November retail sales figures owe Black Friday a huge thank you

Thanks to a bumper Black Friday, November like-for-like retail sales in the UK were 0.9% higher than in November 2013, which had posted a year-on-year 0.6% rise, the British Retail Consortium (BRC) reported on Tuesday.

Sales were 2.2% up in November on a total basis versus November 2013, which had risen by 2.3% on November 2012. It was the best increase in three months.

Thanks to the Black Friday push, Household Appliances posted the largest increase in sales, followed by Furniture and Home categories.

During the three-month period ending in November, Food sales dropped by 1.2%, which was a slight improvement over the 3-months to October.

Non-Food products online sales were 12% up in November versus November 2013, which had grown by 16%. The online penetration rate for non-food products was 21%, a new record. Online sales added 1.7 percentage points to Non-Food total sales growth in November.

Helen Dickinson, BRC

Every £1 in £5 of non-food purchases is spent online,” Ms. Dickinson said.

Director General of the BRC, Helen Dickinson, said:

“November’s retail sales demonstrate continued growth in sales across the board compared to last month. The huge demand for bargain TV’s and other household appliances on Black Friday, whether for personal use or as presents meant that electricals were the stand out category in terms of sales growth.”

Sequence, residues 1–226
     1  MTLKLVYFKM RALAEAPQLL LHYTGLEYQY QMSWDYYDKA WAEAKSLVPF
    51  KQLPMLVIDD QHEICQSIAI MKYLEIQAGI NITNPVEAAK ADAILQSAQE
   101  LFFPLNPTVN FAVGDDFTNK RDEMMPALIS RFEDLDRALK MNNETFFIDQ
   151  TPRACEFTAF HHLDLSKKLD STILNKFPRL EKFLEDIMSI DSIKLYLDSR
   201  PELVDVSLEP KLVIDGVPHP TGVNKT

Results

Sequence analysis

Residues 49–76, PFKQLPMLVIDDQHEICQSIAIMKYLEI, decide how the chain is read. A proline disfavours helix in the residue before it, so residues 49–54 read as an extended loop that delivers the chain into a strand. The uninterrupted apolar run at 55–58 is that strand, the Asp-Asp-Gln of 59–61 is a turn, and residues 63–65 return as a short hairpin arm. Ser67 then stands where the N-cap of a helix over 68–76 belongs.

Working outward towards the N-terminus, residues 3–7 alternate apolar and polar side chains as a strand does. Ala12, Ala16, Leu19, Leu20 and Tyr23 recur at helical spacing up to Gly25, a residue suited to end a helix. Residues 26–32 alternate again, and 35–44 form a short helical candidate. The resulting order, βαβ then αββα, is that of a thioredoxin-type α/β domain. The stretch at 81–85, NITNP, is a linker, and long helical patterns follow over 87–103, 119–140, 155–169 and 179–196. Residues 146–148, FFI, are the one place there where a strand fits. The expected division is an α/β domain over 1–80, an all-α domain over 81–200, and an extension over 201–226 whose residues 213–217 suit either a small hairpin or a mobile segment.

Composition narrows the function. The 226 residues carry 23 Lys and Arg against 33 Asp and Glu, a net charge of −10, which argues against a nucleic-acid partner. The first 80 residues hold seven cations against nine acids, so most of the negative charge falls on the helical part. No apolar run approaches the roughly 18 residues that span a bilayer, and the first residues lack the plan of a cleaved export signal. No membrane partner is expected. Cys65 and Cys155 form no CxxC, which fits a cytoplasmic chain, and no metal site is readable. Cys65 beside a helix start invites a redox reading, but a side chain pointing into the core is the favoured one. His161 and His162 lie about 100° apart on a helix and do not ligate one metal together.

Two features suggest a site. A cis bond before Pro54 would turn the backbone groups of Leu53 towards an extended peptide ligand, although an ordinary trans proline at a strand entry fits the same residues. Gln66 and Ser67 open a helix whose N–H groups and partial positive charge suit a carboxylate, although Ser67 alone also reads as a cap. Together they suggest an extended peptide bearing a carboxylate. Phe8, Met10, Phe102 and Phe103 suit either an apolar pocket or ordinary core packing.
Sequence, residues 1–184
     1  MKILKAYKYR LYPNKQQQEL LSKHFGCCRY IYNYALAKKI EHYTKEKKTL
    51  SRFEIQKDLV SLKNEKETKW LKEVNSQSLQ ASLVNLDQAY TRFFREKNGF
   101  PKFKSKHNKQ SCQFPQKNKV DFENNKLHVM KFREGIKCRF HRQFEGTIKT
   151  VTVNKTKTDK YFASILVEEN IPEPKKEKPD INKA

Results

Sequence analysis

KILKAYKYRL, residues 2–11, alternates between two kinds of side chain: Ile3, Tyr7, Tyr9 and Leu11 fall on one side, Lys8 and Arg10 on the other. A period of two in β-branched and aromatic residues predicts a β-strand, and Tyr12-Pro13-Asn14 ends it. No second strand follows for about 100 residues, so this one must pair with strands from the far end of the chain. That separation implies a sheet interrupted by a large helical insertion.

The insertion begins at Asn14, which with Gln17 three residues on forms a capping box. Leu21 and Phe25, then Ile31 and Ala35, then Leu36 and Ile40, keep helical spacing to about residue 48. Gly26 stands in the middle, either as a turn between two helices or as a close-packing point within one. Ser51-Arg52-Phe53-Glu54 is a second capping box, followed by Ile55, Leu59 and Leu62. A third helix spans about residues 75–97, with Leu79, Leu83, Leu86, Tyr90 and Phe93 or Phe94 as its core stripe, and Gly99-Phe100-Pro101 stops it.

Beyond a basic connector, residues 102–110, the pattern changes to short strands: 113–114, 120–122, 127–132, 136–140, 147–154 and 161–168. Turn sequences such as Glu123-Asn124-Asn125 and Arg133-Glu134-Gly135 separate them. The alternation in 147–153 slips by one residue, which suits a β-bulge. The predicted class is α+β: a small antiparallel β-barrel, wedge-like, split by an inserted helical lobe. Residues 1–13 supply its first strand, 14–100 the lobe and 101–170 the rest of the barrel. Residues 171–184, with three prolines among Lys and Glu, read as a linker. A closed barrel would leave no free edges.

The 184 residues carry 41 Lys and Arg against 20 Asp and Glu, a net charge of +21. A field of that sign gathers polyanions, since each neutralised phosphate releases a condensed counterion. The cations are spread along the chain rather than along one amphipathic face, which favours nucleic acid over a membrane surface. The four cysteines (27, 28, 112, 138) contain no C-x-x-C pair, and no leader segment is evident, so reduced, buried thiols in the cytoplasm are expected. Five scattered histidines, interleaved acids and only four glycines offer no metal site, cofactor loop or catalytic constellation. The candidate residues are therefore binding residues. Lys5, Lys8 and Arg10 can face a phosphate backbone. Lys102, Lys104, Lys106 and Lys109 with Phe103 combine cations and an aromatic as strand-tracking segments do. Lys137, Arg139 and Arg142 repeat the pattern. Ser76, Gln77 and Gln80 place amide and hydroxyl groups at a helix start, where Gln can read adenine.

“However retailers also took advantage of the increased footfall generated by Black Friday to sell clothing, effectively bringing forward the start of Christmas sales reductions of autumn/ winter stock.”

Even non-discounters saw strong increases

The BRC reported that retailers who did not offer discounts on Black Friday also posted strong sales gains.

KPMG’s head of retail, David McCorquodale, said shoppers were reluctant about overspending until Black Friday, which helped push the festive season into a faster gear.

Footwear and fashion retailers used Black Friday to recover some lost ground, but at lower margins.

Mr. McCorquodale said:

“Sadly some retailers fell short of the mark, with websites crashing under the pressure of shoppers hunting for a bargain. Resolving these issues must be a priority: consumers go online to avoid queues, not join them.”

“Glimmers of hope were seen in the grocery sector and the sales decline was less sharp than in previous months. While it won’t be a bumper Christmas for this segment, grocers will hope their sales will be on a par with last year.”

Retail sales for this festive season are likely to break the recent sluggish trend. Mr. McCorquodale says online sales will start as early as Christmas Day, meaning consumers will be able to grab bargains will still digesting their turkey.